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Centrosaurus (Greek for "pointed lizard"); pronounced SEN-tro-SORE-us
Woodlands of western North America
Late Cretaceous (75 million years ago)
Size and Weight:
About 20 feet long and three tons
Single, long horn on end of snout; moderate size; large frill over head
It was probably too dumb to notice the difference, but Centrosaurus was definitely lacking when it came to defensive armament: this ceratopsian possessed only a single long horn on the end of its snout, compared to three for Triceratops (one on its snout and two over its eyes) and five (more or less, depending on how you're counting) for Pentaceratops. Like others of its breed, Centrosaurus' horn and large frill probably served dual purposes: the frill as a sexual display and (possibly) a way to dissipate heat, and the horn to head-butt other Centrosaurus adults during mating season and intimidate hungry raptors and tyrannosaurs.
Centrosaurus is known by literally thousands of fossil remains, making it one of the world's best-attested ceratopsians. The first, isolated remains were discovered by Lawrence Lambe in Canada's Alberta province; later, nearby, researchers discovered two vast Centrosaurus bonebeds, containing thousands of individuals of all growth stages (newborns, juveniles, and adults) and extending for hundreds of feet. The most likely explanation is that these herds of migrating Centrosaurus were drowned by flash floods, not an unusual fate for dinosaurs during the late Cretaceous period, or that they simply perished of thirst while gathered around a dry water hole. (Some of these Centrosaurus bonebeds are interlaced with Styracosaurus fossils, a possible hint that this even more ornately decorated ceratopsian was in the process of displacing Centrosaurus 75 million years ago.)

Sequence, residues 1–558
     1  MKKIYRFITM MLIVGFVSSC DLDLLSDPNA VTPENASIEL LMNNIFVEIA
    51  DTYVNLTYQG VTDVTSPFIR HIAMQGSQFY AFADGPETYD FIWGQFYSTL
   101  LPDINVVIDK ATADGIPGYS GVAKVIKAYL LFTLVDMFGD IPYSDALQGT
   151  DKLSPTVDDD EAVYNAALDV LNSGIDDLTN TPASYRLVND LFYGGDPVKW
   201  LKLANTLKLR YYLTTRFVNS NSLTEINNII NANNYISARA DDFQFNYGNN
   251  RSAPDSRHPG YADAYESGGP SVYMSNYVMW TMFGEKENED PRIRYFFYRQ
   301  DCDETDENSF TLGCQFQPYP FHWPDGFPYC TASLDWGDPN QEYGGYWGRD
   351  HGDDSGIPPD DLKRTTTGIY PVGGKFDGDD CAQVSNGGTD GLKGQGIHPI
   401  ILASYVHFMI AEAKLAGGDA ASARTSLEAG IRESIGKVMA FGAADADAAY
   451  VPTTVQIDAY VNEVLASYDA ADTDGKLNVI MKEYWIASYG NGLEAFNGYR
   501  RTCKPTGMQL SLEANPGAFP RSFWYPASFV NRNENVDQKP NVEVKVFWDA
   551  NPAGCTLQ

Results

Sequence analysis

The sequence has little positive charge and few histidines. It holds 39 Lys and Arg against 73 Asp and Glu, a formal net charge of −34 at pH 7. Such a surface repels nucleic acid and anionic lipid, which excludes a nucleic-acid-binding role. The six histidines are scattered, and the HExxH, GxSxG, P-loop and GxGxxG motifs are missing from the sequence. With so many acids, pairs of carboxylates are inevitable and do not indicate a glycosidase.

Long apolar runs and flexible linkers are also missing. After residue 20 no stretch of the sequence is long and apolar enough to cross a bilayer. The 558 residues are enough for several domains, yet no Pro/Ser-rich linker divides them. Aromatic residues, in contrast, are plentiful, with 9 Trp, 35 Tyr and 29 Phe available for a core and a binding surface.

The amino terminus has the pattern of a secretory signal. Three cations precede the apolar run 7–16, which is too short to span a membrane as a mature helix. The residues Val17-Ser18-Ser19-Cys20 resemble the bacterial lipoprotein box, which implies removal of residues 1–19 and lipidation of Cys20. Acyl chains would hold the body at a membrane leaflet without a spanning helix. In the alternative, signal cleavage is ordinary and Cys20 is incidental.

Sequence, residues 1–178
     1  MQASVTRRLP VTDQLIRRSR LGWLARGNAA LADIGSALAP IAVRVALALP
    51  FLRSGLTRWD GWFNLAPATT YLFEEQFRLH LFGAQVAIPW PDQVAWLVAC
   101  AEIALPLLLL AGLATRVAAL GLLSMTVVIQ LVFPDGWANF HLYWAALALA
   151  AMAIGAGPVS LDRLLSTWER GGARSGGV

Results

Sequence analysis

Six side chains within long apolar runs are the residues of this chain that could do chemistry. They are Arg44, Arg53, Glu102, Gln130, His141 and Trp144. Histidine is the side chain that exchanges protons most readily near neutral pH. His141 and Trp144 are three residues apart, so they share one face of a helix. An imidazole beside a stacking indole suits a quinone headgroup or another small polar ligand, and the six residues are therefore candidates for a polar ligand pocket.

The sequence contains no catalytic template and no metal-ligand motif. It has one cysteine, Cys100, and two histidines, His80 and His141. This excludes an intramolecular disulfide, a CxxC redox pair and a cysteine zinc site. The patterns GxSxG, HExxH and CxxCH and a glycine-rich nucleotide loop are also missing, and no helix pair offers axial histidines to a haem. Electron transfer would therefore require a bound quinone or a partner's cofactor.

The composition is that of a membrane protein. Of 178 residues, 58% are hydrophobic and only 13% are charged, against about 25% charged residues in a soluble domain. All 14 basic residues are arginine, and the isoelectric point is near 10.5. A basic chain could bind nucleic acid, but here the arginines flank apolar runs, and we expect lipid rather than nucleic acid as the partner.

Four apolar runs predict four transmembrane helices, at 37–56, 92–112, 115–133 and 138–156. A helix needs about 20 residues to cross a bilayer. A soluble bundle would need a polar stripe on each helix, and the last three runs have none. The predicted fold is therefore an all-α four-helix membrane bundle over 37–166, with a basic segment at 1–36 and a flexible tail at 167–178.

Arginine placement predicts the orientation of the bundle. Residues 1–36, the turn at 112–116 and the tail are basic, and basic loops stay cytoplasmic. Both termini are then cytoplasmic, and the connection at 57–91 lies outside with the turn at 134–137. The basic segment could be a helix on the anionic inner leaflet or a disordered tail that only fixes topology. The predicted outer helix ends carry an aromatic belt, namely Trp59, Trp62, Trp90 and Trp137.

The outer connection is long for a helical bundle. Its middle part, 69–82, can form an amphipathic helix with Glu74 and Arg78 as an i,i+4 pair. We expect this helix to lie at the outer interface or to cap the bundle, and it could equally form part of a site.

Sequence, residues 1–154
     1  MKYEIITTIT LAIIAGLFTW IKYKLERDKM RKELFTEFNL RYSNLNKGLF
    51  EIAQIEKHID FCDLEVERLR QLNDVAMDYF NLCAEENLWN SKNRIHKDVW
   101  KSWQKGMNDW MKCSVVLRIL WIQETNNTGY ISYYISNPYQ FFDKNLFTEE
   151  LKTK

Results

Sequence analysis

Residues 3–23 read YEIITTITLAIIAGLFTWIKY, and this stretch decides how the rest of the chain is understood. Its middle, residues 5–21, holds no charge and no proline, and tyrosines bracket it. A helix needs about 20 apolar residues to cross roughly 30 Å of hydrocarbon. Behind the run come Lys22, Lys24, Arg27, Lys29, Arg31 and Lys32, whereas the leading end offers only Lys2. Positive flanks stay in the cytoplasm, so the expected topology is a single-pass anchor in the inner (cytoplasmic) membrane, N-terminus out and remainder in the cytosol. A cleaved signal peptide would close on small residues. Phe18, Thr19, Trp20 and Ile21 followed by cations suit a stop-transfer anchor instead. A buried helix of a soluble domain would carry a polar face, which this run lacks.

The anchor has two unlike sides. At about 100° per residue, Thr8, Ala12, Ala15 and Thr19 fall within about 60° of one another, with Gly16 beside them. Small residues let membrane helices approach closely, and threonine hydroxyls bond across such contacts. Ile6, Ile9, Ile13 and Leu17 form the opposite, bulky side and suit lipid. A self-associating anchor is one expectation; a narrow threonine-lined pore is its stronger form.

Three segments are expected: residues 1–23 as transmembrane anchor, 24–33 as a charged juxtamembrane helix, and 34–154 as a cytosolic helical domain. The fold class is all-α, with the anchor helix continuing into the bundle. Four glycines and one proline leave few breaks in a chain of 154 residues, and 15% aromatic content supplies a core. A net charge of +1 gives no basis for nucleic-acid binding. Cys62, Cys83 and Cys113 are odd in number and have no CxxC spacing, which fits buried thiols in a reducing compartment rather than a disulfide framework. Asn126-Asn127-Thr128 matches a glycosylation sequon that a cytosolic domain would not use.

Recently, paleontologists announced a pair of new North American ceratopsians that seem to have been closely related to Centrosaurus, Diabloceratops and Medusaceratops--both of which sported their own unique horn/frill combinations reminiscent of their more famous cousin (hence their classification as "centrosaurine" rather than "chasmosaurine" ceratopsians, albeit ones with very Triceratops-like characteristics as well). Given the profusion of ceratopsians discovered in North America over the last few years, it may be the case that the evolutionary relationships of Centrosaurus and its nearly indistinguishable cousins have yet to be fully sorted out.